December 16, 2005
On a Friday night
in December 2001, Philadelphians gathered to celebrate the
opening of the Kimmel Center for the Performing Arts, the
new home for its beloved Philadelphia Orchestra. But four
years after the opening, the center is struggling to remain
afloat beneath the burden of a $30 million bank loan debt;
$23 million from construction overruns and $7 million from
To help alleviate
the issue, the Philadelphia Regional Performing Arts Center,
which manages the Kimmel, is suing the buildings architect,
New York-based Rafael Viñoly Architects (RVA), over
what it allegesin its 28-page complaint filed on 23
November 2005 in Philadelphias United States District
Court officesare costs resulting from deficient
and defective design work at its hands.
concludes that "most, if not all, of the cost overruns"
were "the result of [Rafael Viñoly Architects'] performance
on the project." It states the construction cost
$ 180 million, which was significantly more than the $ 157
million originally budgeted for construction.
Costs shot up,
the document says, when steel erection was delayed by 16 months.
threatening the centers long-planned opening. The shorted
time-frame prompted overtime filings from workers, and costly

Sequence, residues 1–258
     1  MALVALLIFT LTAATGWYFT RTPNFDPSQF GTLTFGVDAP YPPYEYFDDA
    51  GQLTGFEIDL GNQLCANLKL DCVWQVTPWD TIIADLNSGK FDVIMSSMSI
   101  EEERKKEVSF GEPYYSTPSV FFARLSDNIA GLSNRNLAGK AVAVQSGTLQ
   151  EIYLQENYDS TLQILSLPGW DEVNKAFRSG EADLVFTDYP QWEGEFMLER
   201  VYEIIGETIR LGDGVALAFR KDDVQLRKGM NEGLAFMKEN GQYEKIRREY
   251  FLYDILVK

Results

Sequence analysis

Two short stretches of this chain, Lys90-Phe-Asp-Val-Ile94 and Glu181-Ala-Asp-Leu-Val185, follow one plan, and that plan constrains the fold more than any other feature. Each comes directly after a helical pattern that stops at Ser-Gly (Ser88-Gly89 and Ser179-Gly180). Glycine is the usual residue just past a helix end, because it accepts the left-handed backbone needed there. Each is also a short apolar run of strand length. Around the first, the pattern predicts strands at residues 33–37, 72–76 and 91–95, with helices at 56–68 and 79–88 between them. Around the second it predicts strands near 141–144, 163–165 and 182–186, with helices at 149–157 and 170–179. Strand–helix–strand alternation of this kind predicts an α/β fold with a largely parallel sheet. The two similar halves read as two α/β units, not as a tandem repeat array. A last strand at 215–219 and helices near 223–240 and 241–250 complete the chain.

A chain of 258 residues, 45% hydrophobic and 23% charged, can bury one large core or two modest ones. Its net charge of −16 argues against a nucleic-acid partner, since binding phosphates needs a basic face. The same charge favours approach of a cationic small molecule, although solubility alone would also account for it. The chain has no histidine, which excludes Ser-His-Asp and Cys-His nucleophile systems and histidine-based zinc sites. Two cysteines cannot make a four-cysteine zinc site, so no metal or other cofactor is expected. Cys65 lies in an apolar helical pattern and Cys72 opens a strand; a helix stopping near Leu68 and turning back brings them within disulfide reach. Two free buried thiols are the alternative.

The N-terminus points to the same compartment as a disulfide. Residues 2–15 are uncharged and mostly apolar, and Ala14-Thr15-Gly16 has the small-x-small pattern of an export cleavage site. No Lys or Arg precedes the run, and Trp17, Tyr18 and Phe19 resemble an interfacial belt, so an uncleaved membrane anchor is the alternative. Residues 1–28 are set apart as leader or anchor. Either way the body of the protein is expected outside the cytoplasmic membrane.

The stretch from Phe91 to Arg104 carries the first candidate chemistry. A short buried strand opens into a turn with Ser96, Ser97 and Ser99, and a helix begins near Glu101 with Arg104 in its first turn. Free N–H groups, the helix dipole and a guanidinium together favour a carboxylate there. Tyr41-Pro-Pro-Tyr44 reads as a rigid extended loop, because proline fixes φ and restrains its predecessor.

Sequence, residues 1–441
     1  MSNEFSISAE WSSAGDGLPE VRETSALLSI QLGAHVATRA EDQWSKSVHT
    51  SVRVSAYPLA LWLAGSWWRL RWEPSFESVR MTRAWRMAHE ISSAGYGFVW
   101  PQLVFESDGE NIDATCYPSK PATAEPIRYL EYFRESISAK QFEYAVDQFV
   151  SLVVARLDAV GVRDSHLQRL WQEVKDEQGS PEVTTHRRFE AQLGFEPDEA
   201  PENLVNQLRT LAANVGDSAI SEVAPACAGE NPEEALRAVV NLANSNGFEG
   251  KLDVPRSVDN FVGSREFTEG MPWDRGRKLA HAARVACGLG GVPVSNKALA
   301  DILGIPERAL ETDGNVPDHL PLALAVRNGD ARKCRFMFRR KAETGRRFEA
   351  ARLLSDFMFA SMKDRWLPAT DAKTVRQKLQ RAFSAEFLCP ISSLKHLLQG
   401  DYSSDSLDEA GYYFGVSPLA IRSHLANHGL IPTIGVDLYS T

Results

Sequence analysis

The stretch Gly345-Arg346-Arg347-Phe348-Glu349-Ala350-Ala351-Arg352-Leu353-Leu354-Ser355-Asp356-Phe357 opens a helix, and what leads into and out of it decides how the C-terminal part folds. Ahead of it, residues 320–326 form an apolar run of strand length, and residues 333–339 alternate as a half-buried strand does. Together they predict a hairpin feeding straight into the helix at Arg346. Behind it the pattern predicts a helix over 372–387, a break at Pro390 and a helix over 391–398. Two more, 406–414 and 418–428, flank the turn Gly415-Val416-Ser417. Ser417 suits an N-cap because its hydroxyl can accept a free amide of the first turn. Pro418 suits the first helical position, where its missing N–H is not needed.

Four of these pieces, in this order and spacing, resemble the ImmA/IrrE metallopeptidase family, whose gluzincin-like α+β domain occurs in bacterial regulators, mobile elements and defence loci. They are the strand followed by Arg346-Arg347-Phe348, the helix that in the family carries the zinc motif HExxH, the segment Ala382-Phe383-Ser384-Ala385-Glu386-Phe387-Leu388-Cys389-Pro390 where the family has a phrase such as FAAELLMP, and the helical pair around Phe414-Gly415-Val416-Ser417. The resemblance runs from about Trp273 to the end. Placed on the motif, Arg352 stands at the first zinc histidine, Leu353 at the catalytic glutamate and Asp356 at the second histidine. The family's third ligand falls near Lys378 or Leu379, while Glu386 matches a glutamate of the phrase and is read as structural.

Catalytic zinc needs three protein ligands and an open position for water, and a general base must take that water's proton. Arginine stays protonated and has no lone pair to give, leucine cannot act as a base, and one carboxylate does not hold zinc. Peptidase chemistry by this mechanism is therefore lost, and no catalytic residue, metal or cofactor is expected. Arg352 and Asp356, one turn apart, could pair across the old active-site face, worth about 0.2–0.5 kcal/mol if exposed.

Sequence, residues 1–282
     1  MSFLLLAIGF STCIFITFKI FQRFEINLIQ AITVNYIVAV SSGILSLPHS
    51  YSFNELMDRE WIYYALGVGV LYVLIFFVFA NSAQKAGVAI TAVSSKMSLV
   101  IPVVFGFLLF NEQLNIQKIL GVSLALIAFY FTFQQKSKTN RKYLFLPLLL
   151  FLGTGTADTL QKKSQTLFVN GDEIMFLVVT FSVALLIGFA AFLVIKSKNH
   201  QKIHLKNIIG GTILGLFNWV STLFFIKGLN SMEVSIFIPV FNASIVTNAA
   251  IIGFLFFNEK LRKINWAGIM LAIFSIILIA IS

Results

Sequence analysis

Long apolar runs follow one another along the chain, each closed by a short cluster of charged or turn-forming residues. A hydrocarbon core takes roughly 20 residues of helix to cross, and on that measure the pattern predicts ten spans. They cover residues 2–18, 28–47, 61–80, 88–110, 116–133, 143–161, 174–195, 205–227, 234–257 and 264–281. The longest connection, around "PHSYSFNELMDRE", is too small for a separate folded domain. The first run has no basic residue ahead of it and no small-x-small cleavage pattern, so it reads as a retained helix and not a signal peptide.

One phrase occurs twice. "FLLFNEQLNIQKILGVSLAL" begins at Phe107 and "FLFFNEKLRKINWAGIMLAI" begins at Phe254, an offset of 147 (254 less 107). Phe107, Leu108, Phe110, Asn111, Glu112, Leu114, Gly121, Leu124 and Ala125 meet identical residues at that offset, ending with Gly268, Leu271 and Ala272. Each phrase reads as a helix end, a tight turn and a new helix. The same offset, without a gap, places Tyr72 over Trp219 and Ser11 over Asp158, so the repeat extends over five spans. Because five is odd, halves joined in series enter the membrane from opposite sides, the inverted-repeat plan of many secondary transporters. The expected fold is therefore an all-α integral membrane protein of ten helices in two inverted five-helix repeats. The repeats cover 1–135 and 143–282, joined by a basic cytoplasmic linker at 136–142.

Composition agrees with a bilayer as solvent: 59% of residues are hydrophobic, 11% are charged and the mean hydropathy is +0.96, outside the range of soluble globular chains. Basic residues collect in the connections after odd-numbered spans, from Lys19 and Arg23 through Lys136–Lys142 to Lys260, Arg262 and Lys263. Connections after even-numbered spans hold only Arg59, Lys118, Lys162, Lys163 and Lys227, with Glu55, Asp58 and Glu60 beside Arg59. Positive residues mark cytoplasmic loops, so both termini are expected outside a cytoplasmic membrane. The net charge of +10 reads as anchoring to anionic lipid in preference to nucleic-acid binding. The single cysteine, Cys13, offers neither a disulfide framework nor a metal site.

charges for expedited manufacturing services.
The document alleges
that documents were late, inaccurate, and incomplete, that
design work was inadequate, and that equipment underperformed,
and required repair or replacement. The complaint states that
RVA broke its contractual promise to correctat no cost
to the Kimmelany defects in design or in specification.
Because the case
is still pending, neither party would comment directly on
the matter. Viñolys office released a statement saying
that it was extremely disappointed by the by the
complaint, adding that, The same people who praised
the building are now criticizing it. We feel the claim is
The 425,000 square-foot
glass barrel-vaulted performing arts center, which contains
three theaters, is located on Broad Street in Center City
Philadelphia. Today, the centerwhich has spearheaded
a transformation of Philadelphias cultural life and
civic identitystruggles to pay the $2 million annual
bank loan fee servicing the $30 million debt from construction
overruns and from falling short of fundraising goals. A December
14 story in the Philadelphia Inquirer noted that this debt
is compromising the centers ability to amass an endowment
and develop top-level programming.
The case goes
to trial on January 28 2006, and comes after the Kimmels
30-month effort to resolve the matter with RVA failed (an
effort it charges in the complaint that the firm stalled through
its delays in attempting to find counsel). The suit could
open up many issues about an architects financial and
legal accountability for construction overruns.